Chronic intestinal atrial dysrhythmia syndrome (CAID) is a rare disease discovered only in 2014 and also called "Viking syndrome". It is caused by a rare genetic mutation and affects both the heart and the intestine. The contractions of the two organs are in fact linked to a single gene, which would be the one affected by the disease.
A team of Canadian researchers has developed a diagnostic test for the disease, based primarily on clinical analyzes. In fact, those who suffer suffer heart and intestinal problems, both of a rather serious entity. Heart problems include slow heartbeat, which forces 50% of patients to implant a pacemaker. Instead, digestive problems manifest themselves with chronic intestinal obstructions, which can only be dealt with by intravenous feeding.
For the time being, no less invasive treatments are available. The disease is indeed rather young. Scientists discovered it by analyzing the DNA of some Canadian patients of French and Scandinavian origins. All patients showed both cardiac and gastrointestinal symptoms, related to a mutation of the SGOL1 gene. Studies in guinea pigs with similar symptoms have confirmed the role of the gene in the development of the disease.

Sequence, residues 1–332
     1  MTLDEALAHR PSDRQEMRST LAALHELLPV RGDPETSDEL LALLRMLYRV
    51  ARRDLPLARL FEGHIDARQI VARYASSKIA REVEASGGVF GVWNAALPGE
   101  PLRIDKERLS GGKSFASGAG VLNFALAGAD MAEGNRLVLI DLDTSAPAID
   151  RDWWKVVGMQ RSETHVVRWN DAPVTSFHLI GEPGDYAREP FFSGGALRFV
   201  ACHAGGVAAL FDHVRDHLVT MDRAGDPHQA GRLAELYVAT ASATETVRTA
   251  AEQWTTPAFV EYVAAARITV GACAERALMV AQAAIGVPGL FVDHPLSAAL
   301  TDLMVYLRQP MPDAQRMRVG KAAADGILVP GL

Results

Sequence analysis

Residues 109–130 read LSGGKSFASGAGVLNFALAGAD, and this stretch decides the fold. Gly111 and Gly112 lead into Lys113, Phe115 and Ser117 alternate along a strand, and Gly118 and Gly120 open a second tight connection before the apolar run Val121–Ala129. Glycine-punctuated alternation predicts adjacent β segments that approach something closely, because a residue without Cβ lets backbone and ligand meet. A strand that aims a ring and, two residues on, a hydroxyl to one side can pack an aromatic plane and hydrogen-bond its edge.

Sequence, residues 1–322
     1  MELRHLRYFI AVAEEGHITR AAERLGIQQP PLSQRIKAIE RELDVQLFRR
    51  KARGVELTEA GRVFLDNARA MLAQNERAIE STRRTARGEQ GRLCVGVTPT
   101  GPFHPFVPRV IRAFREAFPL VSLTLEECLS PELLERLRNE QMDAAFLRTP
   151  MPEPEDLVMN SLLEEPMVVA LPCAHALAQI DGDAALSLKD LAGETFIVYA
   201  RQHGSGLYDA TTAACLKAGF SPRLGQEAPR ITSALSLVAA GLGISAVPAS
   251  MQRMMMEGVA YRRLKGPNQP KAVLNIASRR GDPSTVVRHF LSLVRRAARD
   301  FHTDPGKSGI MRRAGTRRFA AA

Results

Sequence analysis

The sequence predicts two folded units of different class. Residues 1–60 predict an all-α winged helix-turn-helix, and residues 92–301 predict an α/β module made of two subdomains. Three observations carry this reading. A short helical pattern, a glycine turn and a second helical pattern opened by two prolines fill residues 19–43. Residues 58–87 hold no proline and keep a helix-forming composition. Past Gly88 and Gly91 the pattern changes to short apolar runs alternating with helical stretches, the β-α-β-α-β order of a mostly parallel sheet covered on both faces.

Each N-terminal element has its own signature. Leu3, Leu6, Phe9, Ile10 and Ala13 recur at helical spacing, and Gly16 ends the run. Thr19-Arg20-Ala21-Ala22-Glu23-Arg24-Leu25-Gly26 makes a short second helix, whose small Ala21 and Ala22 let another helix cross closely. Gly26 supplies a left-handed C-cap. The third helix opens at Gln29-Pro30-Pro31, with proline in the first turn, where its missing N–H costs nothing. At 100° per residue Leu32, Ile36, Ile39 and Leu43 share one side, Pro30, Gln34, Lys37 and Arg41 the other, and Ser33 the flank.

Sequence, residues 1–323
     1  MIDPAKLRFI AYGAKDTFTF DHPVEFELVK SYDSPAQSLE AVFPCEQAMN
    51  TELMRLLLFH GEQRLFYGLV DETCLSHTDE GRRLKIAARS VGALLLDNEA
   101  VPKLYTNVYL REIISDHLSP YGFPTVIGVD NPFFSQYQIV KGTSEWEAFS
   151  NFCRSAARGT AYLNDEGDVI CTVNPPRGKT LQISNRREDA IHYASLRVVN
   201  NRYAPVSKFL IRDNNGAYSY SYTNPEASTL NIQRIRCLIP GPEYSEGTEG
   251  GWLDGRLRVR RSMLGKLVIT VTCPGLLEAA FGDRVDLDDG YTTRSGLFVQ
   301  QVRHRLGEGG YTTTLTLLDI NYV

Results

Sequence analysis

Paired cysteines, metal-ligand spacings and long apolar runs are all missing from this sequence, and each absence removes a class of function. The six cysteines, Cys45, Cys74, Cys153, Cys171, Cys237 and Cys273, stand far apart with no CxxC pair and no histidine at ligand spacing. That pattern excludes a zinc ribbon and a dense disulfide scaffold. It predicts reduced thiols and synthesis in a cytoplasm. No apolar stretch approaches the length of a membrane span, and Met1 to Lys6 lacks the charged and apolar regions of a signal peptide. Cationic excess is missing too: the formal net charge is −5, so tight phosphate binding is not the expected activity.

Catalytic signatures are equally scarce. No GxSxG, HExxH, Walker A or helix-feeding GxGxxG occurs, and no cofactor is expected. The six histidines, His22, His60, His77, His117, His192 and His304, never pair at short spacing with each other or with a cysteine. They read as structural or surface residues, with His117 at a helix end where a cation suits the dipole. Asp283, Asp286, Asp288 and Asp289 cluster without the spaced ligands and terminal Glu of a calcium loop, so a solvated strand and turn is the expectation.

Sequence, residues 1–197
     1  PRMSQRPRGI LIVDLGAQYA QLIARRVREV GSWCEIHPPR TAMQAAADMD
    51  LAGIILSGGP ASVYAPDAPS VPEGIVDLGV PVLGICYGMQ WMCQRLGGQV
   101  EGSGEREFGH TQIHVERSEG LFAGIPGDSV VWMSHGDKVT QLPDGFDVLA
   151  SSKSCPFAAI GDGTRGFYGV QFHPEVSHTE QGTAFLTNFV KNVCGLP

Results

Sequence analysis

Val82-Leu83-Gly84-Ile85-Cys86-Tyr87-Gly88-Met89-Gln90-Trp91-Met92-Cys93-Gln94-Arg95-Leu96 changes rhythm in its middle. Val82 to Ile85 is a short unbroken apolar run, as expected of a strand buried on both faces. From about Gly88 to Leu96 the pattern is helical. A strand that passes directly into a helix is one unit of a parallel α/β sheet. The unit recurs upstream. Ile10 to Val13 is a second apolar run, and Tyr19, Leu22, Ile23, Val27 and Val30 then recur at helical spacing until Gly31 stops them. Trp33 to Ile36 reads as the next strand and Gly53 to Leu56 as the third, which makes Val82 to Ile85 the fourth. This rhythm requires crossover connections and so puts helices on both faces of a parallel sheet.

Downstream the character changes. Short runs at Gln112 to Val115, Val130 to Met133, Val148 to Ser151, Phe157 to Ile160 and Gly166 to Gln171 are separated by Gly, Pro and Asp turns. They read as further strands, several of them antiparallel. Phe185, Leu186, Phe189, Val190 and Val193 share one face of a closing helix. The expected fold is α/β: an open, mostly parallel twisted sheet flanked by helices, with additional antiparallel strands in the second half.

According to the researchers, the mutation of SGOL1 is likely to reduce the protection of certain cells in the intestine and heart. When in health, the gene could in fact have the task of maintaining the rhythm of the heart throughout its life. When the mutation is present, the cells begin to multiply uncontrollably and grow older.